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Much is made of the “fight or flight” response afflicting people in life-threatening danger. Yet most people do neither. They freeze. It’s a normal, natural response. Predators look for movement. Not moving – especially in a large group of people – is a strategy wired deep into our subconscious or “lizard brain.” That’s why firearm self-defense trainers spend the vast majority of their time teaching students to react quickly, instinctively and aggressively to a lethal threat. While there’s a great deal to be said about drawing your gun and moving without conscious though, most of it having to do with speed, it’s just as important to . . .

think consciously during a defensive gun use.

The preferred mental process is sometimes referred to as the OODA loop: Observe, Orient, Decide, Act. Wash, rinse, repeat. And keep washing, rinsing and repeating until the battle is over. Do it as quickly and efficiently as you can. Unfortunately, many people never make it past Observe. They stand in front of the danger like the proverbial deer caught in the headlights.

The trick is to make it to the second step: Orient. Simply put, you have assess your environment. Identify the danger and your options – which change rapidly.

The problem: eye fixation. The aforementioned lizard brain become fascinated with the instrument of danger. It’s a knife! Wow! A knife that’s going to stab me! Or a gun! A gun aimed at me! It’s no wonder why so many people somehow manage to shoot their assailant’s hand. You shoot what you see.

Breaking eye contact with the danger, even for a moment, [usually] releases a self-defender from paralysis. Once you see the totality of your circumstances, you can make decisions. Better decisions. As Lyndon Johnson famously opined, a decision is only as good as the information it’s based on. If you don’t see cover or concealment or other threats, your may make inappropriate decisions. As in fatal.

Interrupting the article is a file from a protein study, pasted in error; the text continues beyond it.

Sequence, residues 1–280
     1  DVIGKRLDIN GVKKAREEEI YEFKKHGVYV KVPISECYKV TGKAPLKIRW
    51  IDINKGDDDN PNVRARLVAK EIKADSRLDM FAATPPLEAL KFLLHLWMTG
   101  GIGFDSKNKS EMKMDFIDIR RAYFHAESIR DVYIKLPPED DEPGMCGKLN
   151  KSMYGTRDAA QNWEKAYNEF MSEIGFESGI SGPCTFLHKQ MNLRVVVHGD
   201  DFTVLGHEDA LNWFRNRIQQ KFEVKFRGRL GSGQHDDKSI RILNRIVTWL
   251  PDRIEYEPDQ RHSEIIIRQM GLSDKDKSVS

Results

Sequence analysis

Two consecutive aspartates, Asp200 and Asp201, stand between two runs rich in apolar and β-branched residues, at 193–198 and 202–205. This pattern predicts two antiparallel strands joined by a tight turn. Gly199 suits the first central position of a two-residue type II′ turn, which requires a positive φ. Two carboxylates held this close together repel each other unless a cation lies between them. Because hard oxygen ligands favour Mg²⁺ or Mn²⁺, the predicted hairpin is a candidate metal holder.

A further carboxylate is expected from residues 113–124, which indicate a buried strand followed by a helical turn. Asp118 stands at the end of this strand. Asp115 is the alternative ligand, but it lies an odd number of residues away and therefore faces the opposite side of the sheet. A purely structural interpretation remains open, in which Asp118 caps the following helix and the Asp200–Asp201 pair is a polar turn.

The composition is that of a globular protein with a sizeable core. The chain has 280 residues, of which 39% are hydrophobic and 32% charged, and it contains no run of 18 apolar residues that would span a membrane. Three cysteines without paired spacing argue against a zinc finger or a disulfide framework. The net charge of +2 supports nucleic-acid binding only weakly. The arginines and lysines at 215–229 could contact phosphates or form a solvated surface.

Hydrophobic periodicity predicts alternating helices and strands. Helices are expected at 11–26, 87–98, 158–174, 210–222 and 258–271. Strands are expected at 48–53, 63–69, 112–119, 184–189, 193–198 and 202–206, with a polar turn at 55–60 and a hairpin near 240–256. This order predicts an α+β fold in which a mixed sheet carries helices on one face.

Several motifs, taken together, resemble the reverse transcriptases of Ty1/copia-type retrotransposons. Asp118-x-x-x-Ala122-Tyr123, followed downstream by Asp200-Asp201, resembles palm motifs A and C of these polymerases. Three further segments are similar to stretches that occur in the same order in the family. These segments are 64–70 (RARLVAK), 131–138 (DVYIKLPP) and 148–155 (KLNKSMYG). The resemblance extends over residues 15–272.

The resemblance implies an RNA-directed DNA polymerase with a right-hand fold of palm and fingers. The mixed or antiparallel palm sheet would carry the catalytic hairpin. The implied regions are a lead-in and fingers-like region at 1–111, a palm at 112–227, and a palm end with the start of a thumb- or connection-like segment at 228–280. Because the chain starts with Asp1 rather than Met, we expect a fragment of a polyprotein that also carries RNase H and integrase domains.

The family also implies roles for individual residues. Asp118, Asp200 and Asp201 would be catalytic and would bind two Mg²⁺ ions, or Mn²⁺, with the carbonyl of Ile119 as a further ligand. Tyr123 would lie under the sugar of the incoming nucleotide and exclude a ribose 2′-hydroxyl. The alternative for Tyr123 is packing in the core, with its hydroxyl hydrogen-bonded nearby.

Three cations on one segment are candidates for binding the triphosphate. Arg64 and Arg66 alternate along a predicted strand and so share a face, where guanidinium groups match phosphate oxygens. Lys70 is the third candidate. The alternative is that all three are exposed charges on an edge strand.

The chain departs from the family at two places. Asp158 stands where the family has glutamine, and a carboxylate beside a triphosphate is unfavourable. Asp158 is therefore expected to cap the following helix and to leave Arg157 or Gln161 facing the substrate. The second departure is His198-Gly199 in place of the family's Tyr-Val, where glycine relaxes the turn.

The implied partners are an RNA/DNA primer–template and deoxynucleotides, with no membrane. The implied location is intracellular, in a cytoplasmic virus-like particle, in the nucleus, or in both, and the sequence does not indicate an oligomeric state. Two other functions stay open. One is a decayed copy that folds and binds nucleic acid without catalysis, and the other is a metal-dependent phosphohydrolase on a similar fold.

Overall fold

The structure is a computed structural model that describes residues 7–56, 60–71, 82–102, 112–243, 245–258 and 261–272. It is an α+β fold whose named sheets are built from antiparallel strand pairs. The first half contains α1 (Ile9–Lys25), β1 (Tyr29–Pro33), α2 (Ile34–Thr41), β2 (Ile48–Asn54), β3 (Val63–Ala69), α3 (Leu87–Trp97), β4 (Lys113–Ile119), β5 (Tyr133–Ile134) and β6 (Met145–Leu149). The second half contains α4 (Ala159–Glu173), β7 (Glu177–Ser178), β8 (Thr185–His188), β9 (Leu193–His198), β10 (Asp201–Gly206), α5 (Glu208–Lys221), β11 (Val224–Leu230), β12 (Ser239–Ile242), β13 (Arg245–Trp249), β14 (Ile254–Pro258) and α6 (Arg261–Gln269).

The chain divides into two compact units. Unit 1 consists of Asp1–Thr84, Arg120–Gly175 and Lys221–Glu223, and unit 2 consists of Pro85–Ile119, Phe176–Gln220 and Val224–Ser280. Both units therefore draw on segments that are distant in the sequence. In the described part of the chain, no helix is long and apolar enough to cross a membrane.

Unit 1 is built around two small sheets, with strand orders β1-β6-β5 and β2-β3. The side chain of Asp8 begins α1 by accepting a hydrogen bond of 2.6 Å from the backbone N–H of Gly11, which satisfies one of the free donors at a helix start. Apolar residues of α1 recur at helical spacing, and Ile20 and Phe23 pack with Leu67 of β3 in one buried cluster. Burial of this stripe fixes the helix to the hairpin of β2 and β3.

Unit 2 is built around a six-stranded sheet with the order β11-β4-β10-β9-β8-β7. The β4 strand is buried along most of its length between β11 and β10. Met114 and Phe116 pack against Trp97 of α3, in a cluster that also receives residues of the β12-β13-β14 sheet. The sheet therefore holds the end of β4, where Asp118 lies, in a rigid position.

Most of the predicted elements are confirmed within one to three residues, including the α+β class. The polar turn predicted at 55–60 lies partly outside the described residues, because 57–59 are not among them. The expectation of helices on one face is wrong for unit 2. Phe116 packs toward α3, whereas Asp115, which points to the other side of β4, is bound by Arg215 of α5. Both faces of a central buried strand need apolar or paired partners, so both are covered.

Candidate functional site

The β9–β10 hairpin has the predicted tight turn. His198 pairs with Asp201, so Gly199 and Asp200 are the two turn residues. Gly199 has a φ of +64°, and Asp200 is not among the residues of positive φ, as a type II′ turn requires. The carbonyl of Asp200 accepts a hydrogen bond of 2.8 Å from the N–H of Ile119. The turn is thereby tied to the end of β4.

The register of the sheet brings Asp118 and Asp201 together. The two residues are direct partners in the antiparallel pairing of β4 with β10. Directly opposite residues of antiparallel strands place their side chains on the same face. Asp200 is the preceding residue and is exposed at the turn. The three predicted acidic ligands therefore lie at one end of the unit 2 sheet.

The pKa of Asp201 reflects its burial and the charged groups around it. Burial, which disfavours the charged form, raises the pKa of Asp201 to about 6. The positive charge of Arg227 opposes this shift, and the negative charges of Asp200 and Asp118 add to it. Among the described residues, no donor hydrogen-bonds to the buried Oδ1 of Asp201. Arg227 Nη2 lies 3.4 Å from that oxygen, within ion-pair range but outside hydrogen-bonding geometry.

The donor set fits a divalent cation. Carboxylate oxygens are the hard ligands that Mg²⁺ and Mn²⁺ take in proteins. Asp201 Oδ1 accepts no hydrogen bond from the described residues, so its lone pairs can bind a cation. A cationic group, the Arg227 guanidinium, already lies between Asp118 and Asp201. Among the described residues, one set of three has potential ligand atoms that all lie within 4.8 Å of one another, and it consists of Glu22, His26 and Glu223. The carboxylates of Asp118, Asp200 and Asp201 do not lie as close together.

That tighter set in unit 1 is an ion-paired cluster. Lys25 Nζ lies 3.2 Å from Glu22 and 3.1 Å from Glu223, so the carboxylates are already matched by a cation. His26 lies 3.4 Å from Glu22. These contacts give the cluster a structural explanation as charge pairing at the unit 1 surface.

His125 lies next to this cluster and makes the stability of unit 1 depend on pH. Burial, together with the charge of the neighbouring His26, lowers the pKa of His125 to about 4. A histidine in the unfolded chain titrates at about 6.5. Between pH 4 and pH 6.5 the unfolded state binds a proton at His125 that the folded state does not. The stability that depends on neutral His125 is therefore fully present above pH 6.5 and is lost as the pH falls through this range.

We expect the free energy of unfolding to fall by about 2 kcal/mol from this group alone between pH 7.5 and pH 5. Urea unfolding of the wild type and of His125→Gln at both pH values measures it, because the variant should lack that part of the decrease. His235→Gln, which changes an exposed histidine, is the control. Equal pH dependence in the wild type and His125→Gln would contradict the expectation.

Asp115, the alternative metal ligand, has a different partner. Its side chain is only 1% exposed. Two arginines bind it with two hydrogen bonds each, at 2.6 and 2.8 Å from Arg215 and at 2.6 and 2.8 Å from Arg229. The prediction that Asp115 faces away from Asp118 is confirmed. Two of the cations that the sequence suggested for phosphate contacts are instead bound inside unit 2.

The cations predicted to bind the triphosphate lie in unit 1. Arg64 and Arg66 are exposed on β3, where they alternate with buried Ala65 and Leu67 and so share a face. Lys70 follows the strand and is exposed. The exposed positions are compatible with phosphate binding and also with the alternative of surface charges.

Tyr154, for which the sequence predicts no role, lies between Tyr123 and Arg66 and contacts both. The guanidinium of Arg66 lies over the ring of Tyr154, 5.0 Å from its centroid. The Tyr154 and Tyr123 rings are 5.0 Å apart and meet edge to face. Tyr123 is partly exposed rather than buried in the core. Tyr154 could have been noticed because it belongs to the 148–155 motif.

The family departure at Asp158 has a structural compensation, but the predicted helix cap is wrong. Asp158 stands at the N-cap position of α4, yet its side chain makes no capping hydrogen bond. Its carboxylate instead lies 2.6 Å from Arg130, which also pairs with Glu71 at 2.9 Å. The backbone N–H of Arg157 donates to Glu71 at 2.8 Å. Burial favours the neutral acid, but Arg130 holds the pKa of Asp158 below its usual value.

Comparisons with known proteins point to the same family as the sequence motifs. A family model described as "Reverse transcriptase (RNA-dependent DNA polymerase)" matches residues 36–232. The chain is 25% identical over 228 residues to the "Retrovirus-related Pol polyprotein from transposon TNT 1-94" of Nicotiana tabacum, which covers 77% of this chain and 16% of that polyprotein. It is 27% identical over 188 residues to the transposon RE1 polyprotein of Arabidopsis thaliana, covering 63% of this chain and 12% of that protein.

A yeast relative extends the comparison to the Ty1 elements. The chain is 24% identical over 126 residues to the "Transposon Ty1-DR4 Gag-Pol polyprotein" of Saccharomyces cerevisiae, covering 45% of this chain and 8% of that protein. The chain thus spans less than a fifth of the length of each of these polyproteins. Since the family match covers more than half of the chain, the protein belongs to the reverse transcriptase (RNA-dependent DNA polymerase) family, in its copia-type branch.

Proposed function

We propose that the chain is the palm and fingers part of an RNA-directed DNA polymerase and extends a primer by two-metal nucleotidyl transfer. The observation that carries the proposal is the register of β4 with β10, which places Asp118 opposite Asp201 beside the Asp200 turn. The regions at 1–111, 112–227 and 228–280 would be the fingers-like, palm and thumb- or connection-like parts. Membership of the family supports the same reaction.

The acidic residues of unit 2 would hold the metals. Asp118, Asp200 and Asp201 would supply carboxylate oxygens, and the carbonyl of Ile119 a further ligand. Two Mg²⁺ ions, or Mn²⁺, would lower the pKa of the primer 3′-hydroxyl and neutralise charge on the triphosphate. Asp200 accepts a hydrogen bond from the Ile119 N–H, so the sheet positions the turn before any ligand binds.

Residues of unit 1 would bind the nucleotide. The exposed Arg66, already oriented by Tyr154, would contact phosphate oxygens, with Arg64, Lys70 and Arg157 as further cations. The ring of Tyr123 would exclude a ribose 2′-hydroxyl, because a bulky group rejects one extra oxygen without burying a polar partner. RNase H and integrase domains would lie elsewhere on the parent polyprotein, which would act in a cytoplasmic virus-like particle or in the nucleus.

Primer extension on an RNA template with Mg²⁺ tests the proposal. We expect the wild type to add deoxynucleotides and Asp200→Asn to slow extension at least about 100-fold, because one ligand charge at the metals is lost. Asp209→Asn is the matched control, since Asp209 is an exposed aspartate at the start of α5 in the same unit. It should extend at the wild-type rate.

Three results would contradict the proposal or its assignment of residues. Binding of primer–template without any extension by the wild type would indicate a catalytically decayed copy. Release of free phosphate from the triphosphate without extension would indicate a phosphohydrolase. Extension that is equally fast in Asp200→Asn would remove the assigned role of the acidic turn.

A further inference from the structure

Some people observe, orient, decide and act in a fight naturally; that’s the way they’re wired. If that’s you, if you’re a natural born fighter, good for you! If you’re not – and you might not know until the you-know-what gets real – there are a couple of ways to avoid both “analysis paralysis” and/or bad decisions.


If you’re caught unawares – and most bad guys are ambush predators – you must give yourself time to orient. A fraction of a second – which can seem like an eternity thanks to a flood of adrenalin – may be enough. How do you do that? A gun guru of my acquaintance uses self-talk. He starts his interior monologue with a question “What are my options?” Not “what am I going to do?” but “what can I do.”

“What are my options?” automatically triggers orientation. Where’s the nearest cover or concealment? How many bad guys are there? How much time do I have? It also triggers eye movement; you automatically look for answers. The answer might be “I have no options, I have to wait.” It might be “Shoot now!” But asking yourself to consider your options forces you to think strategically. To win, you keep repeating it. “What are my options now?”


Traditional square range marksmanship is the worst way to train yourself to observe, orient, decide and act. What’s to orient? You’re stuck in a tiny cubicle. What’s to decide and do? Shoot or don’t shoot. Square range marksmanship programs you to focus on a single target – to the complete exclusion of everything else (including surrounding gunfire). Don’t get me wrong. Marksmanship is important. Familiarity with your firearm is crucial. Gun ranges are relaxing. But there is a better way.

Train for multiple threats. Whenever possible, set up multiple targets. Whenever possible, set up multiple targets – including no-shoot targets – with a choice of cover/concealment. Whenever possible, have someone call out your course of action. Better yet, have someone set up the targets while your back is turned. I know it sounds obvious, but not knowing what to expect is an ideal way to train yourself to deal with unexpected situations.

Force-on-force training is the best way to train yourself to observe, orient, decide and act. The more you do it, the more often you do it, the better. It’s creates “stress inoculation.” Your mind reassures you that “we’ve been here before” – and won. Force-on-force training gives you confidence, which gives you time to think under pressure. Bonus! Because force-on-force is so intense, it’s extremely powerful. The lessons you learn can last a lifetime.

That said, force-on-force training is expensive and often inconvenient. But even if you do force-on-force training once in your life, that beats years of square range marksmanship. I’m not saying you can’t win a gunfight without it, but the chance of winning one with it are significantly better. If you think about it.